Stack Overflow is a community of 4.7 million programmers, just like you, helping each other.

Join them; it only takes a minute:

Sign up
Join the Stack Overflow community to:
  1. Ask programming questions
  2. Answer and help your peers
  3. Get recognized for your expertise

I'm writing a Brainf*** interpreter in Clojure. I want to pass a program in using stdin. However, I still need to read from stdin later for user input.

Currently, I'm doing this:

$ cat sample_programs/ | lein trampoline run

My Clojure code is only reading the first line though, using read-line:

(defn -main
  "Read a BF program from stdin and evaluate it."
  ;; FIXME: only reads the first line from stdin
  (eval-program (read-line)))

How can I read all the lines in the file I've piped in? *in* seems to be an instance of, but that only provides .read (one char), .readLine (one line) and read(char[] cbuf, int off, int len) (seems very low level).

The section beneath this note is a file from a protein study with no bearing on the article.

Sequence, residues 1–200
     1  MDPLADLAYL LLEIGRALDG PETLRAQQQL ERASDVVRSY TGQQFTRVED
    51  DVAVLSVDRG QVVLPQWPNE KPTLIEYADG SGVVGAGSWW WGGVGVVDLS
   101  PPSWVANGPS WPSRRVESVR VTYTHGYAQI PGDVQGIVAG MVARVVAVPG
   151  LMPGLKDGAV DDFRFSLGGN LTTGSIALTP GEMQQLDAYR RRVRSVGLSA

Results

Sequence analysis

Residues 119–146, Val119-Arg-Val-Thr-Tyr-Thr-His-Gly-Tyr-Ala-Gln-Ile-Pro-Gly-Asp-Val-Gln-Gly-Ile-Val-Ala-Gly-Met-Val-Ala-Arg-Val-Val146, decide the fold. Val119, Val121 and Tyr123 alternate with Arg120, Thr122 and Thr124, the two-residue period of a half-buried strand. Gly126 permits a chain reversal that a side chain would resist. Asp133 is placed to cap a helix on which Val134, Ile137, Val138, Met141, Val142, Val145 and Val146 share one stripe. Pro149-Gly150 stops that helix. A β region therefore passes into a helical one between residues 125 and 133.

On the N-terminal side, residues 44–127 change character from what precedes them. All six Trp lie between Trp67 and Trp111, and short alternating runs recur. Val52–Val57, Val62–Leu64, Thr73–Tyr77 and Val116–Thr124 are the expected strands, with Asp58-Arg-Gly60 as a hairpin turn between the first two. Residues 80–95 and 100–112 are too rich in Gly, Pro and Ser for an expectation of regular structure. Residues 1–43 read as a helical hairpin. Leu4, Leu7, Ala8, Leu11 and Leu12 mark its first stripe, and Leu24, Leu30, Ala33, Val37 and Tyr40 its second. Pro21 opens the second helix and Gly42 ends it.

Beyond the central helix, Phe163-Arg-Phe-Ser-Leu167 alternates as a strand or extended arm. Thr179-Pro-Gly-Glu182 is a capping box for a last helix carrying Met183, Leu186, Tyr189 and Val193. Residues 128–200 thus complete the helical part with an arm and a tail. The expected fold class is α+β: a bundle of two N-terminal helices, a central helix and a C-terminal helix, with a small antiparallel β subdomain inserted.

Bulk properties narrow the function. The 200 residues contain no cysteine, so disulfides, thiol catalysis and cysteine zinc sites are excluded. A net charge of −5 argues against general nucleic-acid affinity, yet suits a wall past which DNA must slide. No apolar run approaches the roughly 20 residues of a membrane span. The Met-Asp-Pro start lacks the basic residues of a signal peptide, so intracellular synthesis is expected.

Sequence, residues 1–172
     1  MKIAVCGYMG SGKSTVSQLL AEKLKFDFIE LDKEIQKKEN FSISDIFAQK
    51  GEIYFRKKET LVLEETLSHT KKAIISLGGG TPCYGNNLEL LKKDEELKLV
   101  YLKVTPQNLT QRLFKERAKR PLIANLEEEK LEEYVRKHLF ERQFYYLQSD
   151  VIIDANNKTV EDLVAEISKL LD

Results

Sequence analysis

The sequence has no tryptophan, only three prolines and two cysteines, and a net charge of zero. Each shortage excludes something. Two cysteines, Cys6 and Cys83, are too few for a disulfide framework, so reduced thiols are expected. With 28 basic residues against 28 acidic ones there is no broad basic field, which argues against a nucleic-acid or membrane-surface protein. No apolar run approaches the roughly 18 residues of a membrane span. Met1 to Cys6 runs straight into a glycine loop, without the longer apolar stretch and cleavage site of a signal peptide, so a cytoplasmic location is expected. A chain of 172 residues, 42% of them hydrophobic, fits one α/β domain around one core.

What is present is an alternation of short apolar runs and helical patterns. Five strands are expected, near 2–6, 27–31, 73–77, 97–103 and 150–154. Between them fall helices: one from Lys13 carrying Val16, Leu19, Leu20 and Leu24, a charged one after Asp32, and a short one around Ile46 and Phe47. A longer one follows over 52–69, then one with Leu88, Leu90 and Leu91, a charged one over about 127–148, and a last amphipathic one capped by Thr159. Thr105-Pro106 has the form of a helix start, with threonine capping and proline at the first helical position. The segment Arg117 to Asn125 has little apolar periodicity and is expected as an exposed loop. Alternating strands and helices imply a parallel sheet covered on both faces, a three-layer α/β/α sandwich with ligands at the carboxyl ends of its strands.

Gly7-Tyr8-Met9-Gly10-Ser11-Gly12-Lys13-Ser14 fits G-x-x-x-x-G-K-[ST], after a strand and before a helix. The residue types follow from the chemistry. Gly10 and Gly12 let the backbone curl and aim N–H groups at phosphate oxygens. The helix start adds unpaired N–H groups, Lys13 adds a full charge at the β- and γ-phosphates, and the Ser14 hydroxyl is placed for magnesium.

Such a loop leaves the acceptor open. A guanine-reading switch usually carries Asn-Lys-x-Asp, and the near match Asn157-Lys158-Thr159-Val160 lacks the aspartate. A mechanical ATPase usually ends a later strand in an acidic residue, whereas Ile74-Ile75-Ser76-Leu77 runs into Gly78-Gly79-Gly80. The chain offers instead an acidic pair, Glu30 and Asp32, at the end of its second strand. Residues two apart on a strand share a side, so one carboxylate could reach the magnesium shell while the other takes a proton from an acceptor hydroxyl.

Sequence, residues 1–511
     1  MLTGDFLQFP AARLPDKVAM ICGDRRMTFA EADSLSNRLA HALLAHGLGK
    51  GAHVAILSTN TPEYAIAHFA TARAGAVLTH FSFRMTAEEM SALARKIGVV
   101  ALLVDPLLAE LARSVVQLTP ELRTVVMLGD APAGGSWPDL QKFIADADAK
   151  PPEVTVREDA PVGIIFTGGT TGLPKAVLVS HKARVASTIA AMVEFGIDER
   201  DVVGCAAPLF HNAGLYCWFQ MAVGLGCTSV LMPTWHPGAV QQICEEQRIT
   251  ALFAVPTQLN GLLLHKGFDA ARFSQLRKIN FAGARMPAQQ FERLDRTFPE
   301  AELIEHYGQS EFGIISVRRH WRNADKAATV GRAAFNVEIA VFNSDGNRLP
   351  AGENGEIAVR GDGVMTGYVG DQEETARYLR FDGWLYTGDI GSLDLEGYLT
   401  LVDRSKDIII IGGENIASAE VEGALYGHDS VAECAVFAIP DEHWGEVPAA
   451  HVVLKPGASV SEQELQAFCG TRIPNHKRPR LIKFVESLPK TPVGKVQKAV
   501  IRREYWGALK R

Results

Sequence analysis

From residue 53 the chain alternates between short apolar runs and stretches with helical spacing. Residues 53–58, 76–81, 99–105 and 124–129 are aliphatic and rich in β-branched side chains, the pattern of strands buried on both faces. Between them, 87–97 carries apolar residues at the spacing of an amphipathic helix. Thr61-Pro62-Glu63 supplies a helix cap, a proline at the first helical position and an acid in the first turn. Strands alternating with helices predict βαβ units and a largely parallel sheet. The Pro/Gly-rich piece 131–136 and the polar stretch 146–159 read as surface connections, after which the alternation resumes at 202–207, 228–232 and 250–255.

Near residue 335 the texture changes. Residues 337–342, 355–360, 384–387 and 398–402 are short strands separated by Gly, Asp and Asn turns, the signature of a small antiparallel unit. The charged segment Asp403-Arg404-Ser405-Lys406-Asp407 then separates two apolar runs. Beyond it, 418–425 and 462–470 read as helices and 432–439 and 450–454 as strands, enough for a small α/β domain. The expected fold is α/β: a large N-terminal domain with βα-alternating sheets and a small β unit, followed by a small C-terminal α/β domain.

share|improve this question
possible duplicate of How to read lines from stdin (*in*) in clojure – Shepmaster Dec 29 '13 at 16:13
up vote 7 down vote accepted

you could get a lazy seq of lines from *in* like this:

(take-while identity (repeatedly #(.readLine *in*)))

or this:

(line-seq ( *in*))

which are functionally identical.

share|improve this answer
line-seq does exactly that, doesn't it? – xsc Dec 29 '13 at 14:03
Yep. I'll add that to the answer. – d.j.sheldrick Dec 29 '13 at 14:05
The latter doesn't seem to work. (line-seq *in*) gives me ClassCastException clojure.lang.LineNumberingPushbackReader cannot be cast to Have I missed something? – Wilfred Hughes Dec 29 '13 at 23:05
@WilfredHughes yes, you missed the fact that *in* needs to be wrapped in a, as shown in the example. – d.j.sheldrick Dec 30 '13 at 8:30
Aha, you've added a dot. Works wonderfully, thanks. – Wilfred Hughes Dec 31 '13 at 0:55

It's simple enough to read all input data as a single string:

(defn -main []
  (let [in (slurp *in*)]
    (println in)))

This works fine if your file can fit in available memory; for reading large files lazily, see this answer.

share|improve this answer

Your Answer


By posting your answer, you agree to the privacy policy and terms of service.

Not the answer you're looking for? Browse other questions tagged or ask your own question.